I'm shaking with excitement at the thought that William Klein's brilliant, brilliant, brilliant "Qui êtes vous Polly Magoo ?" is finally availble on DVD. Well almost. The film is probably the fashion photographer's most known film excursion starring a real 60's gem of a model, Dorothy McGowan as a charming American girl stranded in the wilderness of the Paris fashion scene. Films about the fashion world and about models often times get it completely wrong, but Klein's film in its satirical spirit gets it so absolutely right you would swear it is a documentary. "Qui êtes vous Polly Magoo ?" is part of the Eclipse Series (9 )- The Delirious Fictions of William Klein - Eclipse from Criterion (Criterion Collection) and can be pre-ordered right now at amazon.com. In the meantime here's a little taste of the iconic film via youtube.
Submitted by Wayne on Sat, 2008-03-15 01:03.
Submitted by Wayne on Sat, 2008-03-15 00:29.
To have conventional (or even unconventional) beauty and then to have a mind than can craft beautiful objects...it' s the kind of unfair blessing that only makes sense in fashion. Our case study for the theory today? Elsa Peretti, she of the well to do Roman family, educated, according to Wikipedia at the Volbicela School in Rome, with a diploma in interior design. 5' 9" and of course an ex-model, Elsa fled to NY where she fell in with the Halston circle and started designing the landmark jewelry that became inextricable in spirit from the clothes.
Submitted by Wayne on Thu, 2008-03-13 22:09.
I've got to give Michael Schwartz credit for persistence and passion. I've watched his photography evolve bit by bit, but its clear he has a really good eye. For months he's been trying to engage me to help him on the concepts and the art direction of his shoots. I've been very reluctant because I feel I'm at the point where I should finesse one certain skill- writing - and not be a such dilettante art-director ( Or even worse, yet-another-stylist.)
Submitted by Wayne on Thu, 2008-03-13 21:16.
Dan from MDC sent me this link and I died in throes of ecstasy. A sequencer and mini -synthesizer so compressed...so compact..so sexy. I got a tech high just from looking. I love modern life!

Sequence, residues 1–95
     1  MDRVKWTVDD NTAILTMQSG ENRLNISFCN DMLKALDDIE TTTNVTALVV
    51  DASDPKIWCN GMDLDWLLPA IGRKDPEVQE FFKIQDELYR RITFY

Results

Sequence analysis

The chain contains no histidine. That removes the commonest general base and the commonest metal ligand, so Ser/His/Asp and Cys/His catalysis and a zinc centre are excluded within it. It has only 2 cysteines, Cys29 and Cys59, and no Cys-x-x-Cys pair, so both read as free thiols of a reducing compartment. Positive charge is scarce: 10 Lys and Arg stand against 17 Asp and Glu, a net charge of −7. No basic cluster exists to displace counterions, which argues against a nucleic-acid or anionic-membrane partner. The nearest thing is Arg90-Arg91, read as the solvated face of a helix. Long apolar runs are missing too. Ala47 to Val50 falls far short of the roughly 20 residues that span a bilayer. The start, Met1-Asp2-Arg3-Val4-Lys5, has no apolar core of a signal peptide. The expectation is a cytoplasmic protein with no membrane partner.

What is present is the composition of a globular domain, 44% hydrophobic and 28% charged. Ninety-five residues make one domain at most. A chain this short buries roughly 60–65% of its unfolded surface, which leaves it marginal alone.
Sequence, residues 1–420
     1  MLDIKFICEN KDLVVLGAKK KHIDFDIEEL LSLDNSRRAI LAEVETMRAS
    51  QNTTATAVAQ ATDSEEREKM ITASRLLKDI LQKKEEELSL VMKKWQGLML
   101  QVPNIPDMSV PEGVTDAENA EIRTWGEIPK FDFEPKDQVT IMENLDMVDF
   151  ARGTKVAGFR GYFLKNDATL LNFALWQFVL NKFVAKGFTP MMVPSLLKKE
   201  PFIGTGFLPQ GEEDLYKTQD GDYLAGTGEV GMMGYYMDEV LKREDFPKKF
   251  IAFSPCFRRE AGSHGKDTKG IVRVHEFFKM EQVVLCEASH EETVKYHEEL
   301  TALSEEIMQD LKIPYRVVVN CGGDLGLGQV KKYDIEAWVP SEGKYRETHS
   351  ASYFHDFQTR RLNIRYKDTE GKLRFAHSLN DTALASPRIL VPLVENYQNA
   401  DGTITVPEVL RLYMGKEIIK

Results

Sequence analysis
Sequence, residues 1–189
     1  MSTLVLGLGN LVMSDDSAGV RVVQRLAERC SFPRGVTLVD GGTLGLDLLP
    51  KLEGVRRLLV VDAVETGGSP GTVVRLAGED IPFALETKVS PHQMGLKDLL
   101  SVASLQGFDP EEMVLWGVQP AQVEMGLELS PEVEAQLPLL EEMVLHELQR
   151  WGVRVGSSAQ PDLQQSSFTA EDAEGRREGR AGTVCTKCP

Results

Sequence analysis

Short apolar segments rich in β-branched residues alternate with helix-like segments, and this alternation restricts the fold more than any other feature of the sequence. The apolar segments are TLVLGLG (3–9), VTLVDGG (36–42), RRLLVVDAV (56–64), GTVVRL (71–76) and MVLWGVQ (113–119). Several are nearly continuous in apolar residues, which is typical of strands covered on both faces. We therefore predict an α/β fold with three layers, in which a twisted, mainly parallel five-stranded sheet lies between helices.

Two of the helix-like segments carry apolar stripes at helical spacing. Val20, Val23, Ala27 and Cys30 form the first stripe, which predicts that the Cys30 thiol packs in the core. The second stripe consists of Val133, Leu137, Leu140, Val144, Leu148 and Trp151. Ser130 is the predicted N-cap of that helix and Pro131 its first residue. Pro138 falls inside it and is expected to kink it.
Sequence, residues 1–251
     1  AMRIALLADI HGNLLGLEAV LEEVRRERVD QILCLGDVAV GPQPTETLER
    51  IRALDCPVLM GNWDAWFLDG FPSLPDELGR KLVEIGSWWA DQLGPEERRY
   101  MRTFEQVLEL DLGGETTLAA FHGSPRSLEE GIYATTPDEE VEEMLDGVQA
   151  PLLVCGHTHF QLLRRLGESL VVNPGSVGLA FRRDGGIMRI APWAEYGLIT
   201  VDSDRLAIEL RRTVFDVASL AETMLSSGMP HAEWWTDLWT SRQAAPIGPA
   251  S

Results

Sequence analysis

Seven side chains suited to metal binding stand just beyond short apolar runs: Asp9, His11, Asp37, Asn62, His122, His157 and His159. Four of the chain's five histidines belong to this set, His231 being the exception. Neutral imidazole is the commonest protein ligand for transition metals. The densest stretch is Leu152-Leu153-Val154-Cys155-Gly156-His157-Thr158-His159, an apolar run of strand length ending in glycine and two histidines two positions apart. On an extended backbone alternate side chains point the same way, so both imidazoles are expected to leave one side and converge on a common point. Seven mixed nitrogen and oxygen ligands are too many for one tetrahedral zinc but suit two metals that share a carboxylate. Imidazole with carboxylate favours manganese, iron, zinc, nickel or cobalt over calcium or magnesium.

Submitted by Wayne on Thu, 2008-03-13 20:57.
I don't know what possessed me today, but after a late breakfast I drifted into the Nicholas Robinson Gallery on 20th Street and peeped this show of paintings by Munich based artist, Florian Sussmayr. Sussmayr's imagery covers an era, that of 80's German youth culture. That would be "a world of punk rock, drinks, drugs, soccer matches, underground movies, libertarian expression and leftist political thinking" . Well I love imagery from a man obsessed and what made me stop my fast-forward motion through the show was a series of portraits based on (and I think I'd best use the gallery's words here) " the bland depictions of haircut possibilities displayed in cheap salons".Well I know mine can be a vapid eye sometimes, but how editorially perfect are these images? If I were a latter day blue chip photographer I'd mop em, blurred eyes and all.
Submitted by Wayne on Thu, 2008-03-13 19:49.
The April issue of of iD features my very favorite actress in the world, the one and only Rinko Kikuchi. I think Rinko is beyond genius. I love her sullen pout, her fast shifting haircuts, her alliance with Chanel. I think she is the kind of global/cross-cultural super-star that mainstream media sleeps on. Expect to see many a post on Rinko at TI because this crush is serious! Rinko is on the cover of the "Gender" issue of iD. Very 90's that ...to do a "Gender" issue but it's interesting that the ten year cycle of errant androgyny is here again. Love the i-Date feature on iD's Myspace page that has a questionnaire with options ranging from Male/Female, Straight/Gay, Bi/Boy, Girl/ Man, Woman/Trannie, She-he/He-She, Mother/Other. TI is not mad at the polymorphous nature of that and plans to feed into it ferociously. I also am in deep love with idmagazine.com's flash video feature that allows you to speed-read through their entire issue. Check it out right now. It's just like being at the newstand!
Submitted by Wayne on Thu, 2008-03-13 00:52.
Having just scored a new pad I'm dream-shopping for pieces to fill a very beige and minimal room. Top of the list? Anything Ron Arad. Arad, who came out of the Jerusalem Academy Of Art in 1973 has proved himself to be a genius in moulding unconventional material like sheet metal for pieces of domestic furniture. For my money he is THE one contemporary furniture designer to collect, covet and hoard right this minute.
Submitted by Wayne on Wed, 2008-03-12 19:16.
Submitted by Wayne on Wed, 2008-03-12 19:00.
Recently I've been really enjoying the photographs of Swedish photographer Lars Tunbjörk via his book "Office" which captures beautifully the soul destroying sterility of the typical modern workspace. Or as his galley, Cohen Amador termed it, "Falling between humorous social commentary and deprived commercial banality, Tunbjörk’s work captures the existential parsimony and melancholic absurdity of modern-day office life and puts in relief the personal struggle of the individual against corporate homogeneity." Fight the good fight Lars!
Submitted by Wayne on Wed, 2008-03-12 04:22.
This weekend I read Ingrid Sischy's Vanity Fair profile on Calvin Klein's post Calvin Klein Inc. existence. It constitutes buying and decorating multiple houses and it is indeed an enviable life. There is a section in the article that gets into a bit of heavy lifting in arguing Calvin Klein's validity as a landmark American designer. It got me thinking...what is it exactly about Calvin Klein that stays on our minds? After all these years, the power of his imaging still haunts American fashion like the echo of a music that once kept the party going.